East Ridge High School's Raymond James Stadium will be empty and dark tonight for the biggest home football game in school history.
Because the 2,000-seat, crumbling concrete home side stands were condemned on Aug. 31, the Pioneers' fans have been visitors in their own home all season, including last week's second-round playoff win over Chattanooga Christian.
But with the crowd expected to swell well past last Friday's 1,500 for tonight's TSSAA Class AAA quarterfinal game against Notre Dame, Pioneers coach Tracy Malone and his school's administration opted to move the contest to Finley Stadium and its artificial turf for the 7 p.m. kickoff.
"I'm an old-timer, I'm always looking for every advantage, so I kind of wish we were playing at home again," said Shane Mercer, who played for James in the early 1980s and whose son, Will, is now a sophomore lineman for the Pioneers.
"But if this is what the kids want, I'm fine with it. We've been overcoming obstacles all year — told we can't do this and can't do that — so why not?"
To drive down the community's Ringgold Road is to know that not all the obstacles are contained in that condemned stadium. The city's main drag is filled with high-interest loan shops, thrift stores, empty buildings and used car lots.
As Malone told a group of alumni and boosters earlier this season, "This is not the East Ridge High you remember, but they're still good kids."
Regardless of where they play, there are 45 good kids on tonight's playoff roster continuing the best season in school history. The Pioneers now stand at 12-0 after a 10-0 regular season that included a narrow 14-9 win at Notre Dame on Oct. 2. Win tonight and they'll travel to Knoxville to face the winner of Alcoa and Christian Academy of Knoxville in the semifinals on Nov. 27.
But the fact East Ridge has done all this with Malone being moved to a cramped office — a former storage room off the school gym — or the team using a small locker room in the old gym isn't the only important story.
"Our town needed this," said Sarah Turner, a 1997 East Ridge grad who's worked at the city's iconic Kingwood Pharmacy the past 11 years. "This is my family's hometown — my brothers went to East Ridge, my sons go to East Ridge now — so it's sad about the stadium. But this football team has created so much excitement. Kids are going to the games again, all sitting together in a cheering section. My oldest son, Logan, who's 17, even wears an orange body suit and paints his face orange for the games. My youngest, Garrison, will also be there. I don't know that I've ever seen the school this excited about anything."
Mercer, who graduated in 1983, echoed those sentiments.
"It's bringing the community back together," he said. "When I was growing up here, you'd go to the ball fields and there'd be two, three, four generations of families there. Everybody knew everybody. We've lost a lot of that, but this football team has everybody talking again."
A single example: A stomach bug hit the team the last couple of days and Malone asked the school's supporters through the team's Facebook site Thursday morning if they could donate sports drinks to help with dehydration and such.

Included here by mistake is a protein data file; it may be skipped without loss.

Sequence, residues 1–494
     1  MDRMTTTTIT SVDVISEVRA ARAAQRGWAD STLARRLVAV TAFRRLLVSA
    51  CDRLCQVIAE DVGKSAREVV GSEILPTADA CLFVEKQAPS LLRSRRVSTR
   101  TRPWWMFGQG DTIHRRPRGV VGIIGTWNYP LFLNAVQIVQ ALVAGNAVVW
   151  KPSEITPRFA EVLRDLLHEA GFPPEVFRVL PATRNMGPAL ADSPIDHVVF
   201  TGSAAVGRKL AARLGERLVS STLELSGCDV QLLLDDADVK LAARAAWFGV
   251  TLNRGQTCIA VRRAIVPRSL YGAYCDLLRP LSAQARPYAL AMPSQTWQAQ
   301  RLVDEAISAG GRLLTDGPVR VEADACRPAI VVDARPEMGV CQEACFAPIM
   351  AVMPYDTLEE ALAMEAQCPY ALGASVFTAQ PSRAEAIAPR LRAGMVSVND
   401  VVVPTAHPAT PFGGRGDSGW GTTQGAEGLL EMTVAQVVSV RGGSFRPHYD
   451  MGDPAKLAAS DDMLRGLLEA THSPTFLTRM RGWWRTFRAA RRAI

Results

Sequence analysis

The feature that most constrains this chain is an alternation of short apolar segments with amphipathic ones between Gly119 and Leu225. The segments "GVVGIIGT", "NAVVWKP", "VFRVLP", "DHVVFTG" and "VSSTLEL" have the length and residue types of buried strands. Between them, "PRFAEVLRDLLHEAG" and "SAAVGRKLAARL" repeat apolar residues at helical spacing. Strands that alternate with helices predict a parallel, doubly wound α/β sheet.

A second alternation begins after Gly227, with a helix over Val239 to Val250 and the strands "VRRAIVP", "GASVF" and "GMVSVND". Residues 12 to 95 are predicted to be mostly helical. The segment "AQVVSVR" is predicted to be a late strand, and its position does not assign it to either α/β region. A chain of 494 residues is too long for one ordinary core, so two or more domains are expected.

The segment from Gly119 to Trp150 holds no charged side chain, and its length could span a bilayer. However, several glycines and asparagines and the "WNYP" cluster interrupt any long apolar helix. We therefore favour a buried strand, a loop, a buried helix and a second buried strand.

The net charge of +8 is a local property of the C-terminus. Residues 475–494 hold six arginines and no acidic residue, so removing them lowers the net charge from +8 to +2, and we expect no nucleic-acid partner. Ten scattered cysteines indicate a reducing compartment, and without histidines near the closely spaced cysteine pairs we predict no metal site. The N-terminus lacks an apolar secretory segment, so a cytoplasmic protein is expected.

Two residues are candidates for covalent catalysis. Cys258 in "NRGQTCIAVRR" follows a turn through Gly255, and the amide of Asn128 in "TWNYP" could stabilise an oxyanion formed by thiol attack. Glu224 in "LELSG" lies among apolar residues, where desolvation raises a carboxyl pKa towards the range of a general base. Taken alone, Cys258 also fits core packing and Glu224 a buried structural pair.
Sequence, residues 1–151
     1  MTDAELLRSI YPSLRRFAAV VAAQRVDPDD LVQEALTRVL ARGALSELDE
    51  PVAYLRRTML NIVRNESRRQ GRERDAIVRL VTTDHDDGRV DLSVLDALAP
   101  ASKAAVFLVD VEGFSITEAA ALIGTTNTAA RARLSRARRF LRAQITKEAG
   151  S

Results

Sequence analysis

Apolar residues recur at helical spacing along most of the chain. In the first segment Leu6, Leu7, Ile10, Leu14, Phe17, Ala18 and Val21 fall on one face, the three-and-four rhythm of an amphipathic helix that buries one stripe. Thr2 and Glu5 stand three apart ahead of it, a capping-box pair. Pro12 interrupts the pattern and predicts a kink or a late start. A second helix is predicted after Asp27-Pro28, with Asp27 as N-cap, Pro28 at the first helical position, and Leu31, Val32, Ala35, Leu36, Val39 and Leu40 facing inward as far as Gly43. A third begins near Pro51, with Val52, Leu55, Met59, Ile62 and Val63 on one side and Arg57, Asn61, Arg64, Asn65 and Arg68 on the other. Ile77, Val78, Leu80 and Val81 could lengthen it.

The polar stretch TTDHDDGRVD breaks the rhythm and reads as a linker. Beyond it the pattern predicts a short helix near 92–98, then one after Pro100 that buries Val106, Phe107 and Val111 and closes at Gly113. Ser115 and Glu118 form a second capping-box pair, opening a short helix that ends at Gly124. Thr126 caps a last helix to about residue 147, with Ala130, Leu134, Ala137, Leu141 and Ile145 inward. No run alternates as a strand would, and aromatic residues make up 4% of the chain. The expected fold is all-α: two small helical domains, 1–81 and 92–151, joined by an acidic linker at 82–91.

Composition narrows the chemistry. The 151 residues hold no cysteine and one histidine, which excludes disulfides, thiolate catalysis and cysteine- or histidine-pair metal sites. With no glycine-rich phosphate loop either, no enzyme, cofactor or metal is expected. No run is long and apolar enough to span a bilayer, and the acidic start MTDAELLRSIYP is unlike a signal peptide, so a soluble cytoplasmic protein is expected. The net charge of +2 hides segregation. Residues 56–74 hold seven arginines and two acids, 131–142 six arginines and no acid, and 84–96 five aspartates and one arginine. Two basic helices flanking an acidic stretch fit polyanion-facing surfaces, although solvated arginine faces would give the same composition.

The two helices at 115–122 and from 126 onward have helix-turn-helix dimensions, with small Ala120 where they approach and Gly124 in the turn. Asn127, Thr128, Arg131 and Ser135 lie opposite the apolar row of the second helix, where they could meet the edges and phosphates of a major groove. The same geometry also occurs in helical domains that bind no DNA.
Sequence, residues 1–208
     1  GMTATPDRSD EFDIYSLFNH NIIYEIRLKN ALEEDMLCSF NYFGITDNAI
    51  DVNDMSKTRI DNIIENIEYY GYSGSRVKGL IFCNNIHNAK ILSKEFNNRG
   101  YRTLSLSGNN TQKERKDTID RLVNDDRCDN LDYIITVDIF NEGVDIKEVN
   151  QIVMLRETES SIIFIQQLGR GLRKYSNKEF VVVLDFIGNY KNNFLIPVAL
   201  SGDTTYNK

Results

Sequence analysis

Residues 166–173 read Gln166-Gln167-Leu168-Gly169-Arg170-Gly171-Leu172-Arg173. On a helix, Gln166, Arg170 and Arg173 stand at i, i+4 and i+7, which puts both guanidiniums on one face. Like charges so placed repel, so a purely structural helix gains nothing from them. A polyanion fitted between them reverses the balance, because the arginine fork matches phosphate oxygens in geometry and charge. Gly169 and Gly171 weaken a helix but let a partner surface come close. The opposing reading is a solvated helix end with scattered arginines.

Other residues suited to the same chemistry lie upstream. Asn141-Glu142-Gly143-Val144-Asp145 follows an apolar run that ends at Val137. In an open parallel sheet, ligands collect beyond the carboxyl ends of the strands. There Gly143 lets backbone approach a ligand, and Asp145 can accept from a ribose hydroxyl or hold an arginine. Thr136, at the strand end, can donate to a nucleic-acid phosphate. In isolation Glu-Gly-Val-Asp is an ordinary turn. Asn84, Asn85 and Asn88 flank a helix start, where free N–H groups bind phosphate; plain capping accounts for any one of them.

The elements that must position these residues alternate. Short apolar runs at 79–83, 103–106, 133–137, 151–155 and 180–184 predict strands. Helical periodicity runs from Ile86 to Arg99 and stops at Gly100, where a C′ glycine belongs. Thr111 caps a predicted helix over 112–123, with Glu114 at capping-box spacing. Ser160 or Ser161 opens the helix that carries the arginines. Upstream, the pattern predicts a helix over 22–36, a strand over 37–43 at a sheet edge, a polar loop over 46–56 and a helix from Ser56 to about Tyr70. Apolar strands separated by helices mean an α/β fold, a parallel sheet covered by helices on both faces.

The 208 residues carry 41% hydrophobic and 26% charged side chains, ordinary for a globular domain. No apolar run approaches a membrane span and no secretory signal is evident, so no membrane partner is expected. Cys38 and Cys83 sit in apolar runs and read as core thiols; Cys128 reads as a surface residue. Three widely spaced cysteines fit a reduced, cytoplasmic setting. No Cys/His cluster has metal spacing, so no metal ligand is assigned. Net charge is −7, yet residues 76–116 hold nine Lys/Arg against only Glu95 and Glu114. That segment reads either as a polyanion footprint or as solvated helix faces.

"It's now 2 p.m.," said Malone on Thursday afternoon, "and we've already had well more than 100 bottles donated. I've got to pick up six cases that were just left in the principal's office. We've got a lot of people who care about this team."
Ben Hunsucker, who was Mr. East Ridge during his senior year at the school in 2009-2010, helps Malone coach the football team once he wraps up his language arts teaching responsibilities at East Ridge Middle each day.
"At the start of the year, all anyone wanted to talk about was the stadium," said Hunsucker, whose father, Scott, starred in track at the school before graduating in 1979. "They'd all say, 'That poor stadium. We've got to find a way to help.' Now those same people just want to talk about us winning."
No one paints a better picture of the East Ridge that first fielded a football team in 1959 and the one today than Danny Gilbert, who graduated in 1975. Though he earns his living as the principal of Soddy-Daisy High School, tonight will find him in the Finley stands rooting for his alma mater.
"This is special in a lot of ways," said Gilbert, who later coached both wrestling and softball at East Ridge. "I think that football team has given that community a great deal of pride. I know I've gotten emails all week from my classmates urging me to come tailgate before the game, and I can't wait to see everybody."
Gilbert said that weighing 105 pounds during his childhood left him too small to suit up for James' Pioneers. But it didn't stop him from attending every home game.
"We lived on Ida Belle Lane off Germantown Road," he said. "It was probably 2 miles, about a 15- or 20-minute walk to the stadium. Back then, Kingwood Pharmacy sold game tickets for $1, but they were $2 at the stadium. So I'd buy three tickets at the pharmacy for $3, then sell them at the stadium for $6. That way I'd cover my tickets and have enough left to buy a snack. I did that for years."
Regular-season East Ridge tickets are now $6, and the school no longer allows Kingwood to sell game tickets at any price.
"Too complicated to deal with in an audit," noted Malone.
The future of the home side of Raymond James Stadium appears mired in red tape and red ink.
But that doesn't mean East Ridge's historic season isn't impacting its community at large.
"That's the thing about sports," Hunsucker said. "It's a good starting point to rally the town for bigger things."
Malone, now in his fourth season, said, "I think the biggest thing this has done for our community at large is prove that you don't have to go to another school to be successful."
Contact staff writer Mark Wiedmer at firstname.lastname@example.org.